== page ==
Standing up to Fear


Mike aboard S/V Elsa took this shot of us as we passed each other out on the bay.

A few days ago I did something special. Something I have been thinking about doing before we even bought our 25 ton, 47 foot ketch.

I went sailing, by myself.

In our posts, I think we have shared some of our anxiety about handling this boat in and around docks, other boats and the usual crunchy bits that comprise an important part of the cruiser’s world. We have had some anxious moments and even done some damage to Galapagos as we have worked to sort out the complexities of launching and landing a boat that is bigger by far than anything we have piloted in the past.

That anxiety had festered, grown and created tensions within each of us and between us that threatened to rob the joy that our little cunning plan represents. Melissa and I have invested so much into manifesting a future that is premised on not being ruled by fear. Being open to the joy and curious wonder of our world is how we hope to live the rest of our lives.

And so, after a few hours of tinkering with the new solar panels on a gorgeous Saturday afternoon, I started the engine, slipped the lines and left our marina.  The wind was only about six knots and out of sheer laziness, I used only the headsail for a few hours on Commencement bay.  It wasn’t terribly different than taking our sweet Cal 34 out on the bay as I had done dozens of times before. With only the headsail, we made about four knots but it was a glorious four knots that gave me a sense of mastery over this ship that had been lacking.

Later that afternoon, I brought our little ship back to her slip. There was an opposing current and a little crosswind but the procedure was not much different than our Cal; more free board and you can’t shove this boat around as easily.  I was pleased when one of the marina employees, working nearby, jumped when he suddenly saw Galapagos sidled into her slip. He ran over to help cleat her off and said, “Your boat is so quiet! I didn’t hear you pull in!”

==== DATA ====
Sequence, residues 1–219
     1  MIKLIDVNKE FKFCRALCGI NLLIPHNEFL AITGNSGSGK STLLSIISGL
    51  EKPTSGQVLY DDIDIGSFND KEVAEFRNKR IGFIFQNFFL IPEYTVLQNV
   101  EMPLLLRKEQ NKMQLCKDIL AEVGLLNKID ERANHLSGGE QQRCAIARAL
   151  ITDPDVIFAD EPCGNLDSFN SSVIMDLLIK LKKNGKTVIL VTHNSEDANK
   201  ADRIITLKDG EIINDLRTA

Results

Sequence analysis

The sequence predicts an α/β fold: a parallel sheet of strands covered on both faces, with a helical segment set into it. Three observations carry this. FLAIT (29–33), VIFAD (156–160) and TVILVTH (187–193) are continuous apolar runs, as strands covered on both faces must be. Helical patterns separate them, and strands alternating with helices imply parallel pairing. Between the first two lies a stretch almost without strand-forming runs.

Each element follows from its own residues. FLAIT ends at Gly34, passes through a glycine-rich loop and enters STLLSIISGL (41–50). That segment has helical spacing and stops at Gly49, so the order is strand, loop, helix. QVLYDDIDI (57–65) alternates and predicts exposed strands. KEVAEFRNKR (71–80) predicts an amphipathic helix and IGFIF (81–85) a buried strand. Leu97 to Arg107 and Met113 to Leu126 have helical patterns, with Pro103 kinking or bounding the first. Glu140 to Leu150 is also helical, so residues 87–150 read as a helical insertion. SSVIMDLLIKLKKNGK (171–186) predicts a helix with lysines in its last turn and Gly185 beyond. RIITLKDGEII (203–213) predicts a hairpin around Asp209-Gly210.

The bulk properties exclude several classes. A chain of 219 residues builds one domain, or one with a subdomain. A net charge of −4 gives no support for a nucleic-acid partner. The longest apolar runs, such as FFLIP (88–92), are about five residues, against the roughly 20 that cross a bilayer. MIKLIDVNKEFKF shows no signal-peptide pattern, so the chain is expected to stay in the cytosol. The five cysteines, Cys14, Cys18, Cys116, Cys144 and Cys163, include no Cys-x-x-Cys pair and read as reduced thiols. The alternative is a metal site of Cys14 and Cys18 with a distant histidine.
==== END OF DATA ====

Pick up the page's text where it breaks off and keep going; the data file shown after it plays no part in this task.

Docking a boat should  entail some level of anxiety. A little stress keeps you on your toes and that is never bad when dealing with the vagaries of wind, current and a full keeled boat. But the distance between a healthy awareness and paralyzing fear can be surprisingly short for many of us.  Marking that distance and not being ruled by fear is something we have to learn and re-learn throughout our lives.  Every time we leave the dock.


4 thoughts on “Standing up to Fear

  1. Oh man, I feel you about the docking! The process was terrifying at first when we just bought Sundowner and we even “came in hot” a few times in bad winds and damaged her a bit. But as time went on we got better and better at it and now it is so much easier and we feel more in control of her. Good job facing your fear and getting a handle on that girl!

    At our marina back home I was always amazed but this guy who regulary undocked and docked his giant Westail 42 (close to 50′ with the bowsprit and boomkin and extremely wide) by himself. He went sailing by himself and effortlessly docked his large boat. I thought you know, I bet it just takes practice and I bet with practice of my own I could be as good as him, even with a 50 ft boat.

  2. The actual time spent in leaving a slip or returning to your moorage might be less than two minutes. Out of all the minutes spent during a day of sailing, it might represent a fraction of a fraction of one percent of your time. If only we could spend a commensurate portion of our time worrying about it.

    I want to be that guy on the Westsail and I believe I will get there. We have a beautiful 42 foot J-Boat a few slips down from us. I watch him back in to his slip like he was backing into his garage and I am filled with envy. But only when docking. we love this boat under sail.

  3. Steve on Crazy Love a C&C 36,
    Best thing I did when I bought my 1st boat , a 33′ C&C was get a friend that sails and sit them down midship, they say nothing (think insurance) and one day take the boat on and off the dock 10 times front and back. Facing fear is the very best way to deal with it. While I am writing this I am reminded to take this advise. Lol

    • It is good advice and needs to be taken with some regularity. I find myself more aware of how I hesitate to act out of some sense of fear and that usually prompts a more mindful response.

      I need to back my boat in so we can put the boat name and Hydrovane mounting hardware on the transom. I am looking forward to the practice and am already acknowledging that there is some anxiety that goes with backing this big girl up. Half the battle is not being afraid to look a bit foolish.

      On a related note, I follow a blog called the Art Of Manliness which just posted an article on addressing one’s fears in life:
      Despite the blog’s seemingly masculine focus, it contains a lot of good content about living a more intentional life.

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